10-13-2005, 10:42 PM
Are drugs like wellbutrin being used to treat cocaine addiction since both (cocaine and wellbutrin) are dopamine reuptake inhibitors? The drug Vanoxerine is a dopamine reuptake inhibitor, and has been shown in some clinical trials to treat cocaine addiction, at least in rats and primates. Wellbutrin has also been used to treat smoking addiction, one study wellbutrin users were 3.5x more likely to quit smoking than placebo users.
Since wellbutrin is so well known has it itself been used to treat cocaine addiction? I have searched pubmed and can't find any articles. Would its mechanism allow it to treat cocaine or methamphetamine addiction, or do methamphetamine and cocaine have a stronger attraction to the dopamine reuptake pump and would just replace wellbutrin?
10-13-2005, 11:25 PM
Although I don't think Wellbutrin would stop cocaine's effects, it could definitely help decrease the craving. As a staring point, you could check out this (http://ajp.psychiatryonline.org/cgi/content/abstract/162/8/1423) review article.
Searching Pubmed.com, I was able to find numerous articles like this one:
Addict Dis. 2002;21(2):1-16. Bupropion treatment for cocaine abuse and adult attention-deficit/hyperactivity disorder. Levin FR, Evans SM, McDowell DM, Brooks DJ, Nunes E.
Department of Psychiatry, Columbia University/New York State Psychiatric Institute, New York 10032, USA.
here's the abstract:
There are few published studies assessing the efficacy of pharmacologic treatments for attention-deficit hyperactivity disorder (ADHD) among substance abusers seeking treatment. Eleven patients who met DSM-IV diagnostic criteria for cocaine dependence and adult ADHD were entered into a 12-week single-blind trial of divided daily doses of bupropion (BPR). All patients received weekly individual standardized relapse prevention therapy. Treatment compliance and retention were good. Patients reported significant reductions in attention difficulties, hyperactivity and impulsivity. Self-reported cocaine use, cocaine craving, and cocaine positive toxicologies, also decreased significantly. In a previously published trial, 12 patients who met similar diagnostic criteria for adult ADHD and cocaine dependence were entered into a 12-week trial of divided daily doses of sustained-release methylphenidate (MPH). Improvements observed on BPR were similar to, and did not differ from those previously observed with MPH. These preliminary data suggest that BPR may be as effective as sustained-release MPH, when combined with relapse prevention therapy, for cocaine abusers with adult ADHD. However, a future study directly comparing BPR to MPH in a double-blind placebo-controlled trial is needed.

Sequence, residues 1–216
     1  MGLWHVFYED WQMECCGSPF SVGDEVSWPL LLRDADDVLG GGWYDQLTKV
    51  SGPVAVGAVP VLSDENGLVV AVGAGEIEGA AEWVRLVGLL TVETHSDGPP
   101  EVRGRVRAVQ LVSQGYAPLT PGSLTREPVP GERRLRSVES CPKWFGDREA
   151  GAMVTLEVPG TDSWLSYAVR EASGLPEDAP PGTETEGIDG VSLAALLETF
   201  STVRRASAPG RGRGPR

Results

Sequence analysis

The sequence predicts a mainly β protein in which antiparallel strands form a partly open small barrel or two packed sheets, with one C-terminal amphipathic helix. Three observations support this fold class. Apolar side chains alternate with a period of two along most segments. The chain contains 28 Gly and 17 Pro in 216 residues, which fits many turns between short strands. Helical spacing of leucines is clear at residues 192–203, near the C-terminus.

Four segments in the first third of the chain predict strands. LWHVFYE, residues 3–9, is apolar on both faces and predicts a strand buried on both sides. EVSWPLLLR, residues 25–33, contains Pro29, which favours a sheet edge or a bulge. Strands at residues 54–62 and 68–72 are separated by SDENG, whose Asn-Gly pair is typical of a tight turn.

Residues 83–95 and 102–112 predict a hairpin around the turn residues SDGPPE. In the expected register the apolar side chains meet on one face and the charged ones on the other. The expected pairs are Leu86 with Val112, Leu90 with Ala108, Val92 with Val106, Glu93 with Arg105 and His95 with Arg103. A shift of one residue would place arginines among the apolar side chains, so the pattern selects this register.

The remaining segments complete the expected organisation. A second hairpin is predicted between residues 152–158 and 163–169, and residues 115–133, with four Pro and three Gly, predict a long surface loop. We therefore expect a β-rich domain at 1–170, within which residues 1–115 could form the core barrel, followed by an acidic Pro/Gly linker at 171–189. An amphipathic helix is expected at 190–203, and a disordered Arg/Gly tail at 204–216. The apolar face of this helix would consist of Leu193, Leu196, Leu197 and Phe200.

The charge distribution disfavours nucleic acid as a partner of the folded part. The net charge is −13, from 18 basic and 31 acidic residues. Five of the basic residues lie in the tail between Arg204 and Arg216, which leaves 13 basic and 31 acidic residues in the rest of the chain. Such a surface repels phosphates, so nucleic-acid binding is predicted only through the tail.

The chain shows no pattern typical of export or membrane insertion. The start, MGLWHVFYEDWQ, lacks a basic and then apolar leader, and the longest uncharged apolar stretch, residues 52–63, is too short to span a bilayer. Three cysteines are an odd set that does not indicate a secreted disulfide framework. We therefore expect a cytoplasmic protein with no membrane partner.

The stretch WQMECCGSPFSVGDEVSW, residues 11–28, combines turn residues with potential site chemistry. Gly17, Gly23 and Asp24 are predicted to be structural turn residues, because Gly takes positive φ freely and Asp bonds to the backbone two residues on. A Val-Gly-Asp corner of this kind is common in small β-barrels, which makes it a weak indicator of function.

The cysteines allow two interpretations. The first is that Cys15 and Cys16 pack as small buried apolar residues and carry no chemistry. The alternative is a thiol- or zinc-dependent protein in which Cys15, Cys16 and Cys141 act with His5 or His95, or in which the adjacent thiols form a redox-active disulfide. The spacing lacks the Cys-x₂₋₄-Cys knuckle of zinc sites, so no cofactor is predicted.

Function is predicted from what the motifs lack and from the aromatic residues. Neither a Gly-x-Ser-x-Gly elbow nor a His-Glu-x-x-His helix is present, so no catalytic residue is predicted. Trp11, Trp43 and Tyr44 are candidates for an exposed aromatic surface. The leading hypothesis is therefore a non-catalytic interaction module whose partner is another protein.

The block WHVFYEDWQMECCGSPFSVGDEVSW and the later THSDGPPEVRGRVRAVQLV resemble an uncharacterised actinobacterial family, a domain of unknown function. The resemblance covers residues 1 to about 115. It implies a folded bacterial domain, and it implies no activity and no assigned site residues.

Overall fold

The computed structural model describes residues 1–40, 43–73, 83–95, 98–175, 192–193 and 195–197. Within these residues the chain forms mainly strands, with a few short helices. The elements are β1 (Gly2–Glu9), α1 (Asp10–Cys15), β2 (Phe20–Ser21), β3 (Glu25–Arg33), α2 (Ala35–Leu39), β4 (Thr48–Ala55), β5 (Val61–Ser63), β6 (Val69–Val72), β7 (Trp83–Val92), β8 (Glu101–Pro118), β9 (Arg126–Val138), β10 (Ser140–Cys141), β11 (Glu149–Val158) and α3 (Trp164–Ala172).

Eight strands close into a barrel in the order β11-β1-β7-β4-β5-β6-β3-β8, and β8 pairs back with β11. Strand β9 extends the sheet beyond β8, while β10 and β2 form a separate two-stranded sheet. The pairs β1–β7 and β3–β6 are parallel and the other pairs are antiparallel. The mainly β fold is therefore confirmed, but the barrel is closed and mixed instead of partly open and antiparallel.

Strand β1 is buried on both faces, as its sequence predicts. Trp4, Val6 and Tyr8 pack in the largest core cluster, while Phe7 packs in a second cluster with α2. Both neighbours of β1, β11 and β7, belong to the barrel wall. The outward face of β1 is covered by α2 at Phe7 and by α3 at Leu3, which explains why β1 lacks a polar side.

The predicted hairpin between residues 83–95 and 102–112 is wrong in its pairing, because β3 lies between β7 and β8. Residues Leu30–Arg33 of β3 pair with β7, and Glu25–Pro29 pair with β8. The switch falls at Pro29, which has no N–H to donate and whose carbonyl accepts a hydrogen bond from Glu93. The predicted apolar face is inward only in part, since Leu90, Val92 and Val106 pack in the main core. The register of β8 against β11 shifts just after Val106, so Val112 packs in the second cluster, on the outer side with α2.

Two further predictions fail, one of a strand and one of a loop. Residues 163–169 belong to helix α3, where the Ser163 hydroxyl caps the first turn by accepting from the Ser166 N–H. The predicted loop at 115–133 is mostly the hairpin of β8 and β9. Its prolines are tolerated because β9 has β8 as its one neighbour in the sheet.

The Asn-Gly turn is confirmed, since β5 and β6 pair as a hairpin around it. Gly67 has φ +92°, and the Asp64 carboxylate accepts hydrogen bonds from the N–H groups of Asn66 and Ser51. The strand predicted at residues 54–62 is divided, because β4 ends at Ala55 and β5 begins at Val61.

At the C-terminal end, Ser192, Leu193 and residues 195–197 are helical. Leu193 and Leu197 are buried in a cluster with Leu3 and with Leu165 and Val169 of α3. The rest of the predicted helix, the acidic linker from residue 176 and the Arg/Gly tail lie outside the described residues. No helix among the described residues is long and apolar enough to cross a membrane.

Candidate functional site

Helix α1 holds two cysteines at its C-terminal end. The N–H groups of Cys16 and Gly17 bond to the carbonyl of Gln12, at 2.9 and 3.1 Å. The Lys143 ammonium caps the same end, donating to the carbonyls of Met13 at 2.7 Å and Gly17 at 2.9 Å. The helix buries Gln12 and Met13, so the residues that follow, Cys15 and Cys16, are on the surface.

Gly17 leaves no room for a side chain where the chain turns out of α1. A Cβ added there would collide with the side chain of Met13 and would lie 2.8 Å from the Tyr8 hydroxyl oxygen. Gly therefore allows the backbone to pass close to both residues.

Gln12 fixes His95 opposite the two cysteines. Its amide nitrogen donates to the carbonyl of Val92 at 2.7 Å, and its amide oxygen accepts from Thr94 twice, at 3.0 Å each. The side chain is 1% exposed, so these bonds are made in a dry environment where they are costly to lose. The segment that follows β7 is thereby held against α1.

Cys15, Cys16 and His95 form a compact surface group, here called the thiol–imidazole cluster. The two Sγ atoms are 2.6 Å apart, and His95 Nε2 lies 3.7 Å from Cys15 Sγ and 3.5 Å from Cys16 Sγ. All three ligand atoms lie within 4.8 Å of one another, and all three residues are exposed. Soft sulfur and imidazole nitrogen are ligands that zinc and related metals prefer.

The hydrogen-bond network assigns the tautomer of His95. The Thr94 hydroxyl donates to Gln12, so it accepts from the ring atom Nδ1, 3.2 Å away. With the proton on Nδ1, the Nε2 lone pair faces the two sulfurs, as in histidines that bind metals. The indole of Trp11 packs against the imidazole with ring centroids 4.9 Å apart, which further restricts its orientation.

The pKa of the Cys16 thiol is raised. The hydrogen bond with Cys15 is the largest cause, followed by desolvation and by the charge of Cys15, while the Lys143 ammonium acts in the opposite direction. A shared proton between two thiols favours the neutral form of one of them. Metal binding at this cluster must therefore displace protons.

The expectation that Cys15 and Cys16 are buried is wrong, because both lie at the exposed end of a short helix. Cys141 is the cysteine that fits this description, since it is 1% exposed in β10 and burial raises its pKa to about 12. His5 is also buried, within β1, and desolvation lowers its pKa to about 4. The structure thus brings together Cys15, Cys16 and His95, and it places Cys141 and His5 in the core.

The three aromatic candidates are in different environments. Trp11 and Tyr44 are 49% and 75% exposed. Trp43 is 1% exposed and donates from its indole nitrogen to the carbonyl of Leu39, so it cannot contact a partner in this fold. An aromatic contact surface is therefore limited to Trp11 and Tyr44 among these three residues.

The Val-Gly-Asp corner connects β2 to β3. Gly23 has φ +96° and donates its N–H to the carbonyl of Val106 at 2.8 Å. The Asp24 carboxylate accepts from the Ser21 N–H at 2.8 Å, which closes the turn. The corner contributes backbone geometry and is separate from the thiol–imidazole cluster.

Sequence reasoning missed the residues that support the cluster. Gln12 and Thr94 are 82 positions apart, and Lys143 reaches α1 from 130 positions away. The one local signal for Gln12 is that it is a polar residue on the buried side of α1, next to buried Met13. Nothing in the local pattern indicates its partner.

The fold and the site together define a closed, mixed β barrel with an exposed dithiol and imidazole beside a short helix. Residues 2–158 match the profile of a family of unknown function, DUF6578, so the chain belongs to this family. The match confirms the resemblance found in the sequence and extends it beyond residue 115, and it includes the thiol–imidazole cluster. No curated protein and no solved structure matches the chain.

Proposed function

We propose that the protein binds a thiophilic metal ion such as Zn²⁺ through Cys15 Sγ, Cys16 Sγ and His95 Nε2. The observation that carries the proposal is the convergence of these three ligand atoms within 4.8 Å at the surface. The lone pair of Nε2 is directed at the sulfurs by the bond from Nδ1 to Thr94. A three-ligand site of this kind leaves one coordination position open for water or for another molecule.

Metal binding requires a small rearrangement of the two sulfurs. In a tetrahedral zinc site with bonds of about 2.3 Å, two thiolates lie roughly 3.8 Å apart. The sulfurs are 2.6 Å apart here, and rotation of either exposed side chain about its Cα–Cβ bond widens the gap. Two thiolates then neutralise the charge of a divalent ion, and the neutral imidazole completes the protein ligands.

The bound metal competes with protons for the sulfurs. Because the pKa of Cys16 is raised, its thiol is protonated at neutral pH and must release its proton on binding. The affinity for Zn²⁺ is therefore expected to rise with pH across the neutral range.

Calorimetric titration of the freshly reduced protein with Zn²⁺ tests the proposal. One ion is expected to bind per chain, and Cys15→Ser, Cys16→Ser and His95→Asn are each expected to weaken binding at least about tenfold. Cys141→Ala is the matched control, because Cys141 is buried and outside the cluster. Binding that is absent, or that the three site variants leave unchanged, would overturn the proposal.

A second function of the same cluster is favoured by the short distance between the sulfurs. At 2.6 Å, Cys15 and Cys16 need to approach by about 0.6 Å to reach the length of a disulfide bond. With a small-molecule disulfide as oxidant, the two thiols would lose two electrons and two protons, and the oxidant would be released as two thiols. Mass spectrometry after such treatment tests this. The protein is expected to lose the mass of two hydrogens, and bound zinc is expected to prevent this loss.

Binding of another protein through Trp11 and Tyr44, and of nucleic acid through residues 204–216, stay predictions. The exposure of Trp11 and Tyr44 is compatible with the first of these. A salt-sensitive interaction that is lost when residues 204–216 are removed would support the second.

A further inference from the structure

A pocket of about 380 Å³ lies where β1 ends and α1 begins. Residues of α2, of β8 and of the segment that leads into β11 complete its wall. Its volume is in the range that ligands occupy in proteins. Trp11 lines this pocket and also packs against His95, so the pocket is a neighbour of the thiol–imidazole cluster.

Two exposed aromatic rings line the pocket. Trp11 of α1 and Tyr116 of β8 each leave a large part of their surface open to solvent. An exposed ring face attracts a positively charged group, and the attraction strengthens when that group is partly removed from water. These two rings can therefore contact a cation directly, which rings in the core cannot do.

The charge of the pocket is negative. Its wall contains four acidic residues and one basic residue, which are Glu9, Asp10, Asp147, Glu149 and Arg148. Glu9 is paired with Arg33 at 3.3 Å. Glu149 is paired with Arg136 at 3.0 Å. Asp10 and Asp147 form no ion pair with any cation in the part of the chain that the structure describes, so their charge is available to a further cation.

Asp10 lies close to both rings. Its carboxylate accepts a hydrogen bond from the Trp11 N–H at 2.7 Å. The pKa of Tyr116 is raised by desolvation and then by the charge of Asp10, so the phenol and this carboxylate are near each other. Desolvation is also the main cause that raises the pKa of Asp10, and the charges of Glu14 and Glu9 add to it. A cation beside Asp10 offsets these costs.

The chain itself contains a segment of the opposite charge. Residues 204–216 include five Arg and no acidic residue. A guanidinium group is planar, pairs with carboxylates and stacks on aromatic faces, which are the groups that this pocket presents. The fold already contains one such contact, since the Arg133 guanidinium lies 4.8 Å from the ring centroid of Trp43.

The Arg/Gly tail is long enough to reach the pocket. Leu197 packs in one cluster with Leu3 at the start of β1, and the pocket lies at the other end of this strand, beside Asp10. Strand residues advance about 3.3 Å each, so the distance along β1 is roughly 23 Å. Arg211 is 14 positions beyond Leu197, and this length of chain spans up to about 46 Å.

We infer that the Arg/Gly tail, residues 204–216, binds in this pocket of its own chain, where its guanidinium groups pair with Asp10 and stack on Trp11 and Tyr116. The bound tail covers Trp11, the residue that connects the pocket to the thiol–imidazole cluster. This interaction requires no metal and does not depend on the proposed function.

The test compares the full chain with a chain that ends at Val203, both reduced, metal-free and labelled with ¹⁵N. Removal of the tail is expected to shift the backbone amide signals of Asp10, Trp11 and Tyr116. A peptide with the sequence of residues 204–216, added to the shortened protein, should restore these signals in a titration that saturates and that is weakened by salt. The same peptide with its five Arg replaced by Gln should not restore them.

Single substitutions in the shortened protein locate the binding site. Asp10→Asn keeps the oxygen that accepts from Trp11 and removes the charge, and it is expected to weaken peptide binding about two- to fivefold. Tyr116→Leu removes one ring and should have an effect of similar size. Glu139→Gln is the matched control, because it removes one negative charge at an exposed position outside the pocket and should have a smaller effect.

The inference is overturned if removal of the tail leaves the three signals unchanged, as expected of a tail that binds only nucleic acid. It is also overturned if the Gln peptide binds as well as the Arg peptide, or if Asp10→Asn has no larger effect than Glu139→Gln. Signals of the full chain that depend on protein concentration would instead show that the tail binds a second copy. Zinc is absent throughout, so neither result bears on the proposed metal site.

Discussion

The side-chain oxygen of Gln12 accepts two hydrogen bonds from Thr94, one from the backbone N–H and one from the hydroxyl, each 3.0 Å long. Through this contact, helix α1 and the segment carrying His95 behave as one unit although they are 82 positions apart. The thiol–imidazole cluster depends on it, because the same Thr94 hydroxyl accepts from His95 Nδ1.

vBulletin® v3.7.3, Copyright ©2000-2013, Jelsoft Enterprises Ltd.